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Obama out to squash GOP hopes for Wis.
MILWAUKEE -- President Barack Obama worked to squash GOP aspirations for a resurgence of support in pivotal Wisconsin on Saturday as campaign rival Mitt Romney pinned his hopes of making inroads there on an argument that hard-pressed middle-class voters would do better with a Republican in the White House.
With just six weekends left before Election Day, both men also were devoting considerable time to raising campaign cash to bankroll the deluge of ads already saturating hotly contested states. Baseball great Hank Aaron was supplying the star power at two Obama fundraisers in Milwaukee while Romney headed to San Diego and Los Angeles to tap into West Coast cash, if not votes.
With running mates Joe Biden and Paul Ryan campaigning in New England and Florida, respectively, the presidential campaign was spread far and wide -- both geographically and strategically. Biden revved up union activists poised to canvass for votes in New Hampshire while Ryan appealed to Hispanic voters in Miami and talked space policy in Orlando.
It was Obama's first visit to Wisconsin since February, and the president was intent on shoring up support in Ryan's home state. Obama won Wisconsin easily in 2008 and recent polls have him ahead by single digits, but Ryan is popular.
"We've always thought that Wisconsin would be harder for us this year than it was four years ago," said Obama campaign spokeswoman Jennifer Psaki.
In advance of Obama's visit, Romney's campaign made the argument that Obama's failure to turn around the economy had Wisconsin voters looking for a different path. Republican Gov. Scott Walker said the president had a "Wisconsin problem." The state's 7.5 percent unemployment rate is below the national average, but its manufacturing industry has been hit hard in recent years.
The Republican National Committee released a web video, "Since You've Been Gone," highlighting recent GOP organizing efforts in the state and Walker's success in fending off a recall election there.
Ryan, campaigning in Miami's Little Havana neighborhood, reinforced Romney's argument that Obama hasn't been able to make needed changes in Washington, poking at the president's recent comment that it's hard to change Washington from the inside without mobilizing public pressure on Congress from the outside.
"Why do we send presidents to the White House in the first place?" Ryan asked. "We send presidents to change and fix the mess in Washington, and if this president has admitted that he can't change Washington, then you know what? We need to change presidents."
He also faulted Obama for a "policy of appeasement" toward the Castro regime in Cuba, saying all the president had done was "reward more despotism."
Obama has eased restrictions to allow Americans to travel to Cuba and to let Cuban-Americans to send money to family on the island. But the president has stopped well-short of discussing lifting the 50-year-old economic embargo, which is widely viewed in Latin America as a failure and has complicated U.S. relationships in the region.
Psaki said the president had supported democracy movements on the island and worked to give people there more say in their futures.
In an appearance in Orlando, not far from Florida's space coast, Ryan criticized the president for putting the U.S. space program "on a path where we are conceding our global position as the unequivocal leader in space." The Obama campaign responded that Ryan has proposed deep cuts in spending for space exploration.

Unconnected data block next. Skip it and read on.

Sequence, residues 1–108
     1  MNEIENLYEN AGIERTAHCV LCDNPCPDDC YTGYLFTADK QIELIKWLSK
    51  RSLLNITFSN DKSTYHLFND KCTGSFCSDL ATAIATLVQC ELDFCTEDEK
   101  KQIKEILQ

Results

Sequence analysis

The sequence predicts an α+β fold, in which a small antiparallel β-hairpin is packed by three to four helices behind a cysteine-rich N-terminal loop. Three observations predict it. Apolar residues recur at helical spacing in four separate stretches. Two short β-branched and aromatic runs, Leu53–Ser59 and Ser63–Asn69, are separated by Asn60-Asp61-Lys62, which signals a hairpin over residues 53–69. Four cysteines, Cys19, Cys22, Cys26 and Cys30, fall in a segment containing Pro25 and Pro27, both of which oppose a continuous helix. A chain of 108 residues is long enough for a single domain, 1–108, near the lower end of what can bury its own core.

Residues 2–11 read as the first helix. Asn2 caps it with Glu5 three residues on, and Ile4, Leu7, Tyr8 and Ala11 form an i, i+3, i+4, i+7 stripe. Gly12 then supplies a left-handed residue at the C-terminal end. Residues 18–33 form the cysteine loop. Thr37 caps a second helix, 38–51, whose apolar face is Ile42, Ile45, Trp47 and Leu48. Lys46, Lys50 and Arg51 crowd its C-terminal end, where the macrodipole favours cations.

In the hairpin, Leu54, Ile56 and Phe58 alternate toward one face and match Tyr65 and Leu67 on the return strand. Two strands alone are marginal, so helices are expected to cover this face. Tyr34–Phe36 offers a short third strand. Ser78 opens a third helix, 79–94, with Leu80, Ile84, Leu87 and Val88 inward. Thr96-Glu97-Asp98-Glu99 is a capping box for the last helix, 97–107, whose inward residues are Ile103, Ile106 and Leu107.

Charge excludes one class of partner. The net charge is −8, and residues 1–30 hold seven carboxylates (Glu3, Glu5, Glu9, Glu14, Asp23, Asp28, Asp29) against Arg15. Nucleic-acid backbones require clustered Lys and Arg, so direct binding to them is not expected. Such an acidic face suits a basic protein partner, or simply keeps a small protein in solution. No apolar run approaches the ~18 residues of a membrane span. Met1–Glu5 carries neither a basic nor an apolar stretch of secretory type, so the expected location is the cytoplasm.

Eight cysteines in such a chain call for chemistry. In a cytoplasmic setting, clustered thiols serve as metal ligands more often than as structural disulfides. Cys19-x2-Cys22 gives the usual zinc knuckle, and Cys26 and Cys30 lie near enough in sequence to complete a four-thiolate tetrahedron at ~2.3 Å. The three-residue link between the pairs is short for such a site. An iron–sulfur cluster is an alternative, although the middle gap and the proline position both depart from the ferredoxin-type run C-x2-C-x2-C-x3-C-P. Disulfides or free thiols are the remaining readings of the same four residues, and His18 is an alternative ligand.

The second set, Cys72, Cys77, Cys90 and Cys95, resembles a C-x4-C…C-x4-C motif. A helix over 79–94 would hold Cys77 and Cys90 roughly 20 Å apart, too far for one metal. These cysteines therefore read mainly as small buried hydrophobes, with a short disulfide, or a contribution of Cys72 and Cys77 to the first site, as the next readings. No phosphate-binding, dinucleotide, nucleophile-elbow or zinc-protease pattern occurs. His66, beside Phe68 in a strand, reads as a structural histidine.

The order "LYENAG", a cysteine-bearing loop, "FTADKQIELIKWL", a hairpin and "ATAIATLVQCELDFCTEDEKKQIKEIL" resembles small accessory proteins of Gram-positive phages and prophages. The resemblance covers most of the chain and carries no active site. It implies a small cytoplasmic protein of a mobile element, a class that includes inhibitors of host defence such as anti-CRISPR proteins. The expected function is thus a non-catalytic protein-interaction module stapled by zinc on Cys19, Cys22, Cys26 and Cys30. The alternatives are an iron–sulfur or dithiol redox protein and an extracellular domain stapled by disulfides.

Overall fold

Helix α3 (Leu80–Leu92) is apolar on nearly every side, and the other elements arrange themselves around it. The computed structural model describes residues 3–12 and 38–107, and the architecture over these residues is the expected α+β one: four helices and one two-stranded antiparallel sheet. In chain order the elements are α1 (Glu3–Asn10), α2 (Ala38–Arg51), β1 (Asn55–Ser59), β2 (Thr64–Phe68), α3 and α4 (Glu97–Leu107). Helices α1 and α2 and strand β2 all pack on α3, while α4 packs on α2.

Underscoring the importance of grassroots efforts in the campaign's final days, Biden rallied union workers at a Teamsters union hall in Manchester, N.H., saying their organizing work would be the "antidote" to millions spent on advertising by Republican-leaning super PACs.
Biden said it was because of unions that the U.S. has a strong middle class, and he accused Romney and Ryan of having "a completely different value set, a completely different vision."
"They're doubling down on everything that caused the economic crisis in the first place," he said.
Romney is dedicating most of this weekend to courting donors in California -- a state that he's not trying to win. He attended a private fundraiser in suburban San Francisco Friday night and planned to attend at least two more on Saturday in San Diego and Los Angeles.
The GOP nominee is feeling fundraising pressure: Last month, for the first time, Obama and the Democratic Party raised more than Romney and the Republican Party, $114 million to $111.6 million.
Romney's schedule -- particularly his focus on fundraising over traditional campaigning with voters -- has caught the attention of conservative opinion leaders.
"The logic of Romney's fundraising has seemed, for some time, slightly crazy," conservative Wall Street Journal columnist Peggy Noonan wrote recently. "He's raising money so he can pile it in at the end, with ads. But at the end will they make much difference?"
Facing such criticism, the Romney campaign added a stop in Colorado late Sunday and will launch a three-day bus tour through Ohio on Monday. Over the past week, the Republican nominee attended just three public rallies, one televised forum and delivered a speech to the Hispanic Chamber of Commerce in Los Angeles.
As Romney was preparing to board his flight from San Francisco to San Diego, a reporter asked whether he was going to begin campaigning more aggressively. Romney smiled, said nothing, and walked away.
Associated Press writers Jennifer Kay in Miami, Steve Peoples in San Francisco and Holly Ramer in Manchester, N.H., contributed to this report.